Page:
UPDATE: Hamilton County school board members, Tiffanie Robinson (District 4) and Karitsa Jones (District 5), hosted another community forum Wednesday.
The forum allowed community members to continue voicing their concerns and questions about the superintendent search.
The school board has narrowed its superintendent search down to five candidates, but some expressed that they're happy with the district's current leadership.
"We have a unique county. We need someone who understands the needs of our students, our teachers, and our community. Support us and trust our judgment on who we feel is best for our community," said one community member.
Another controversial topic was the future of the five I-Zone schools, which are considered the district's low-performing schools. They include Brainerd High School, Dalewood Middle School, Orchard Knob Elementary School, Orchard Knob Middle School, and Woodmore Elementary School.
Jones explained that the board is faced with two options; let the state take over the five schools or agree to partner with the state to turn the schools around.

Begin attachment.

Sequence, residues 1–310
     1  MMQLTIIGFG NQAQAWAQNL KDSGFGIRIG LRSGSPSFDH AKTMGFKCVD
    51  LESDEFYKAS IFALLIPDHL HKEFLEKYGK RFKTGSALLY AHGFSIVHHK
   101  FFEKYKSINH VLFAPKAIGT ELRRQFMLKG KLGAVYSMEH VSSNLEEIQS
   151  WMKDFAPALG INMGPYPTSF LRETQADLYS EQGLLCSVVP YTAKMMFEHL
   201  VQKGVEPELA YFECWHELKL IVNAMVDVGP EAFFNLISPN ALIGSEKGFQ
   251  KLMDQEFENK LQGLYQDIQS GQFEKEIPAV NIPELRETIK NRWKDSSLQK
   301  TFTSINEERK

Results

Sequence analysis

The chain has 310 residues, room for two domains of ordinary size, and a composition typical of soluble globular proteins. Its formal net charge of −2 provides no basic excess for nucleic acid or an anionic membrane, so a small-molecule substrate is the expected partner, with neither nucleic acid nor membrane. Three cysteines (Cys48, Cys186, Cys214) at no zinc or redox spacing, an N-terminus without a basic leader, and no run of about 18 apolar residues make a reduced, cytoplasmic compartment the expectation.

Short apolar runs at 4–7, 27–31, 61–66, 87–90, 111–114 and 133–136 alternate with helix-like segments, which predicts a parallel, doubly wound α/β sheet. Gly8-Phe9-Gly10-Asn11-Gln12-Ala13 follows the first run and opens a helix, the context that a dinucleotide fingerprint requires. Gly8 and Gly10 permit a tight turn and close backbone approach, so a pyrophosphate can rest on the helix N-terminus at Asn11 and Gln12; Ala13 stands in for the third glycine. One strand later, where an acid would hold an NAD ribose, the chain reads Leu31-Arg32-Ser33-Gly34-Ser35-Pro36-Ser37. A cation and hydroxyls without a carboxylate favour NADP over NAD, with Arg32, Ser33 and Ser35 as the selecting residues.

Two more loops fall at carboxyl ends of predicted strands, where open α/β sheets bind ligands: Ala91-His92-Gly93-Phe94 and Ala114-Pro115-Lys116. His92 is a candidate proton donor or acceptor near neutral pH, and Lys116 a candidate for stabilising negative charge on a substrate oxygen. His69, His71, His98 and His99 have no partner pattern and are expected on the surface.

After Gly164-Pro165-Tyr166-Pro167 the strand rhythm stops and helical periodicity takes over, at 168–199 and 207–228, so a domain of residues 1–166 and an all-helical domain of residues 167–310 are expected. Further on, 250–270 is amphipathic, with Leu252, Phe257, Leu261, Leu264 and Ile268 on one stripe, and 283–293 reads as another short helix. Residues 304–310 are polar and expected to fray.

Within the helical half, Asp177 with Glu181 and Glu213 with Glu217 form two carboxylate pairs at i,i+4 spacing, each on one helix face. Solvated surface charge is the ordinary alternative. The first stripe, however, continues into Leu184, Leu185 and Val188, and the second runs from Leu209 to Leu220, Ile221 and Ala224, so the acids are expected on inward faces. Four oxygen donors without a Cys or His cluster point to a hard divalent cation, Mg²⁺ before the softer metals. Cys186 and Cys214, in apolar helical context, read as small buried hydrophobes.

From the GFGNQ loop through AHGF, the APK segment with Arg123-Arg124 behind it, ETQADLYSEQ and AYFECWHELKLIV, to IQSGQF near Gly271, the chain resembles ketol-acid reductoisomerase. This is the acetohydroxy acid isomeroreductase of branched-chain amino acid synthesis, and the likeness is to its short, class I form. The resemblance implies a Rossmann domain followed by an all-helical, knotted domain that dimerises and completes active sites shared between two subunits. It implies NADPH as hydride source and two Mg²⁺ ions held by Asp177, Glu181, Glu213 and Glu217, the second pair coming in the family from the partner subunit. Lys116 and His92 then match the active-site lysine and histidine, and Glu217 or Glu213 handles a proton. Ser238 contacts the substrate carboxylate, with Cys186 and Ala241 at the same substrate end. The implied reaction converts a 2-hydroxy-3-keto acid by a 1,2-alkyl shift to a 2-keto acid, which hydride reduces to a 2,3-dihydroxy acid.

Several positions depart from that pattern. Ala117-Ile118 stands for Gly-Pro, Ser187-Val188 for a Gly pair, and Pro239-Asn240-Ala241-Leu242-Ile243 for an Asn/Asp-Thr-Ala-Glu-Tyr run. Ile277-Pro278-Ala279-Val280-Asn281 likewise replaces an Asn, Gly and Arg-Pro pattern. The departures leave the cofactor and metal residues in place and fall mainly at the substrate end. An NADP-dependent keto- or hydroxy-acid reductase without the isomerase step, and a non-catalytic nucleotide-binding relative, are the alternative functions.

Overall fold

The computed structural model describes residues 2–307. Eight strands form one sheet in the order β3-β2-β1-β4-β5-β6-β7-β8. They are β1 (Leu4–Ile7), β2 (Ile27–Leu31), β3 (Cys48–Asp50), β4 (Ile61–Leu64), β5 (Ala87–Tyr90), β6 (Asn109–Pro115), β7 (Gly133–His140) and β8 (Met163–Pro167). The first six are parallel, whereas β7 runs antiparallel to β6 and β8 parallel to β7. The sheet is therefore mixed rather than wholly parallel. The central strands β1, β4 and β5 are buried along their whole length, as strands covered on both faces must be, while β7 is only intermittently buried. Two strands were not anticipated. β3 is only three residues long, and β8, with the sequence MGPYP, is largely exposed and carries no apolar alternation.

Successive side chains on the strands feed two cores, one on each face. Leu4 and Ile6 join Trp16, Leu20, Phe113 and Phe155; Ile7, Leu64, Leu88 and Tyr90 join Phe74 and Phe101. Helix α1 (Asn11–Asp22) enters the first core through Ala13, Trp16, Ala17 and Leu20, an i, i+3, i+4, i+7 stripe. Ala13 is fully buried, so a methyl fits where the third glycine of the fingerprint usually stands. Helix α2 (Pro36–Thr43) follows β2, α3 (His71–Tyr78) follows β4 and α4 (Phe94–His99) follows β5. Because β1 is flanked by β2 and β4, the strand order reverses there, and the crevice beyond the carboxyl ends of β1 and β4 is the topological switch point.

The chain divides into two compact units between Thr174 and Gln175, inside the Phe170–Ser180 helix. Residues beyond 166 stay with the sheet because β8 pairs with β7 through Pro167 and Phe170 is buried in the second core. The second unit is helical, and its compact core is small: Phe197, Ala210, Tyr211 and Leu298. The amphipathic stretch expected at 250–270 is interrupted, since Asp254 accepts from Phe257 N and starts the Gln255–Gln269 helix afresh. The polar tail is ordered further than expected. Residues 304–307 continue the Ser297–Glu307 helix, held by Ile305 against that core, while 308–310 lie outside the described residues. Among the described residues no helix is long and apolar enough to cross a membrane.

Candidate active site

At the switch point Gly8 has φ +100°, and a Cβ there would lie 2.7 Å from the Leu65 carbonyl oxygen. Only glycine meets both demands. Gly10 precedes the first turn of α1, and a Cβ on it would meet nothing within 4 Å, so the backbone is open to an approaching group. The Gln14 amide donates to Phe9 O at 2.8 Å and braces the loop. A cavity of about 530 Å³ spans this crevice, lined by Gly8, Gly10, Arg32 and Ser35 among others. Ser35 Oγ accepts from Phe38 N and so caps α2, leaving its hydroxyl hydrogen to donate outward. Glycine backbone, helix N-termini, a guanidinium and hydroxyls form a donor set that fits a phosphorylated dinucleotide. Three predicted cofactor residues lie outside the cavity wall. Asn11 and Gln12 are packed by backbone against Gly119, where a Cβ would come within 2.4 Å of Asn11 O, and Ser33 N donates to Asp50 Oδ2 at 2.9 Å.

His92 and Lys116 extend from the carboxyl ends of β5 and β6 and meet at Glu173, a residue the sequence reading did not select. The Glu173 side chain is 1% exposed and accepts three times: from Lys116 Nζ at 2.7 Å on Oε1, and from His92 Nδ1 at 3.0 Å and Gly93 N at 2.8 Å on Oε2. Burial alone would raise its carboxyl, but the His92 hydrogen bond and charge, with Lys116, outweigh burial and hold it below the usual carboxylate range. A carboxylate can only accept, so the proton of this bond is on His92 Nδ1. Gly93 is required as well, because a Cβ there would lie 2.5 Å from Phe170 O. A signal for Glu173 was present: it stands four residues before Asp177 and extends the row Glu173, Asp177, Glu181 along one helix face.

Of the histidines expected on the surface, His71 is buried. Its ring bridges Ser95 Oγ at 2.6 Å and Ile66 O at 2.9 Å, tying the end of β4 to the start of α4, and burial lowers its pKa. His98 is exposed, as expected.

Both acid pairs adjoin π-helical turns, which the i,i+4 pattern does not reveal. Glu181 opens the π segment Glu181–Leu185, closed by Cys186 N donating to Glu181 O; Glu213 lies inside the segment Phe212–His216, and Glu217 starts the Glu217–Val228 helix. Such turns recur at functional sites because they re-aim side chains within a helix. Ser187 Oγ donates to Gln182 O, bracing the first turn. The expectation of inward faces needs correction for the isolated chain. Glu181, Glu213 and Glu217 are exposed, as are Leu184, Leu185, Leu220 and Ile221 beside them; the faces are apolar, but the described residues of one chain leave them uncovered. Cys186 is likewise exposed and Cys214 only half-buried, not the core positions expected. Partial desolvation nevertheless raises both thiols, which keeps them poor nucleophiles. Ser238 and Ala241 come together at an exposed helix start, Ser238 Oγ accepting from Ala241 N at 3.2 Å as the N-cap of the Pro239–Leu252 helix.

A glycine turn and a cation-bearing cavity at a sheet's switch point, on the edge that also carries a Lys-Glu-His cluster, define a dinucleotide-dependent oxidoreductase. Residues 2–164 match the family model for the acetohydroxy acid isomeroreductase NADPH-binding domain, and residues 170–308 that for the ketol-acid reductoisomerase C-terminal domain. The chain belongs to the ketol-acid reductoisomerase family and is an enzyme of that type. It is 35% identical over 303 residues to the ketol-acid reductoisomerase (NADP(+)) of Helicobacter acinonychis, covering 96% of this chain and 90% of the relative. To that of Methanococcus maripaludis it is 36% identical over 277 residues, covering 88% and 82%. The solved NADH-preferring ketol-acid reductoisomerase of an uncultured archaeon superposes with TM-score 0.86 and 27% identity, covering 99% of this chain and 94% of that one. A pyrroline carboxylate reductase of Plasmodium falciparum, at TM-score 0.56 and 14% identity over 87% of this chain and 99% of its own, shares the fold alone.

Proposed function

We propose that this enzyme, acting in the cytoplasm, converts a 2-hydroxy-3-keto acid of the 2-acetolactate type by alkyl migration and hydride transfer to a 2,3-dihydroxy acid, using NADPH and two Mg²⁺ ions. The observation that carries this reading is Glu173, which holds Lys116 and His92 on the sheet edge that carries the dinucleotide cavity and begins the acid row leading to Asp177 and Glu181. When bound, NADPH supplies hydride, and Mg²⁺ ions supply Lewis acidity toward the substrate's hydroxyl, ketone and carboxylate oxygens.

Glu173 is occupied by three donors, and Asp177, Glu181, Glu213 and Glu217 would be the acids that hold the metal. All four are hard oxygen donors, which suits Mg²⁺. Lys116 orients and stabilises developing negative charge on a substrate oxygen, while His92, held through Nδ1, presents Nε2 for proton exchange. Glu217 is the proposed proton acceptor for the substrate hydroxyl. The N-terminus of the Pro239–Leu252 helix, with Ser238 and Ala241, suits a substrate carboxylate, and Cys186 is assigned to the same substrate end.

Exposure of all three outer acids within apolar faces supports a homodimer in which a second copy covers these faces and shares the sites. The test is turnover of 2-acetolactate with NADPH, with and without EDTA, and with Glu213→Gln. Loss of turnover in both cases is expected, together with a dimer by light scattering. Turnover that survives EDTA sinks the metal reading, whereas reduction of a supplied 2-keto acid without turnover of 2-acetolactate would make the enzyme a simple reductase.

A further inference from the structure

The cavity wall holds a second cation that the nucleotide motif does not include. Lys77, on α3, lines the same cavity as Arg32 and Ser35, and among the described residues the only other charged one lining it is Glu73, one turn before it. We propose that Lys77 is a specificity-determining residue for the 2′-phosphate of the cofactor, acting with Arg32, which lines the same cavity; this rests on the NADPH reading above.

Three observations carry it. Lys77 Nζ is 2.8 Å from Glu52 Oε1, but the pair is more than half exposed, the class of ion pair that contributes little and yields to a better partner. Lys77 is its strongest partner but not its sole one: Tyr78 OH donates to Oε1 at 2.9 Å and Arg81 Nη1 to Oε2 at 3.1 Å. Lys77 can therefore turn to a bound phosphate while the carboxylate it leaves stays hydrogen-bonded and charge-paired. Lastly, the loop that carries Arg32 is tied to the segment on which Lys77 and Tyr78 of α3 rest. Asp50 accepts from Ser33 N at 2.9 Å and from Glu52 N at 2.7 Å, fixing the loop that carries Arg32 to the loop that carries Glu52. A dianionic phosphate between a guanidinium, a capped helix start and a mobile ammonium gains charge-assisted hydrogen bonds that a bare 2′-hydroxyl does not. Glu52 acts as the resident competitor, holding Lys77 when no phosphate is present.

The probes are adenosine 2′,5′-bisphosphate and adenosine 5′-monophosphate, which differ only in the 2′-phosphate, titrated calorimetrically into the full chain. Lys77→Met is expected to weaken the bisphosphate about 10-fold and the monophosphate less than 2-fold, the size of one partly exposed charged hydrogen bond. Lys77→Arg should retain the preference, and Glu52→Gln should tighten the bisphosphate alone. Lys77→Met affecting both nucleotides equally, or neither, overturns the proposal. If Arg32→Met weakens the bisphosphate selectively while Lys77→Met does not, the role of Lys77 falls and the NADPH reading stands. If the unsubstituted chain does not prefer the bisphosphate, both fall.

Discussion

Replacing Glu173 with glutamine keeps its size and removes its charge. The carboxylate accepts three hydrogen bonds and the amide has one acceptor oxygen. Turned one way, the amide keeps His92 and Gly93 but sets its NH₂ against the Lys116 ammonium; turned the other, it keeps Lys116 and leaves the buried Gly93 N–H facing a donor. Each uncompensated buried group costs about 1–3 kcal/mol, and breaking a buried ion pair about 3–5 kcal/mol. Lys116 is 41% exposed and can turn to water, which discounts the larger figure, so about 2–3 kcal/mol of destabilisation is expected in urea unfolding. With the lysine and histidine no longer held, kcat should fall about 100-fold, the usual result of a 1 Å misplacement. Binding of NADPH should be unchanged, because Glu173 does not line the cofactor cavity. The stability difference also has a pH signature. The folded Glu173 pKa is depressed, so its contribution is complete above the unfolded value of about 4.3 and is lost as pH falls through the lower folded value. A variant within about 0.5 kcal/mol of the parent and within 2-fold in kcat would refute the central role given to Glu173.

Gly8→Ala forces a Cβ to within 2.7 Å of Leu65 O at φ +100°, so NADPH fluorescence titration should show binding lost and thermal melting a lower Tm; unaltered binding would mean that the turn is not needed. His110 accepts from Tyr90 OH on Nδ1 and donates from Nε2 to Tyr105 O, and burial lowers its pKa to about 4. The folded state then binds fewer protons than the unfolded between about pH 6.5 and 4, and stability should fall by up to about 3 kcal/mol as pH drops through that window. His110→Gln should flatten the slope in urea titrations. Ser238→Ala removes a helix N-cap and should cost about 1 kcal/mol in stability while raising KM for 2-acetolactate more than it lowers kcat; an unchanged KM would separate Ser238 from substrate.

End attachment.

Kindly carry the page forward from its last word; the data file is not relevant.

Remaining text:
"We have not signed an agreement with anybody. We are not turning over our schools to a private company. We are not giving away our schools," said Jones.
Dr. Candice McQueen,Tennessee Commissioner of Education, proposed a partnership six months ago after the board asked expressed reservations about letting the state completely take over the schools.
The goal is to transform the five schools so the 2,300 I-Zone students are well prepared to excel and succeed academically and socially. Since 2012, the schools have received over $10 million of additional funding, but have achieved little academic progress.
Brainerd High School principal disagrees. He said the says the i-zone schools have made major progress, including Brainerd.
"See for yourself. Those that walk in the doors at Brainerd to come visit; you know the truth," said Agee. "Stop letting the media, the newspaper, and state folks come and define what it is that success is, because they define it in the paper and y'all just run with it."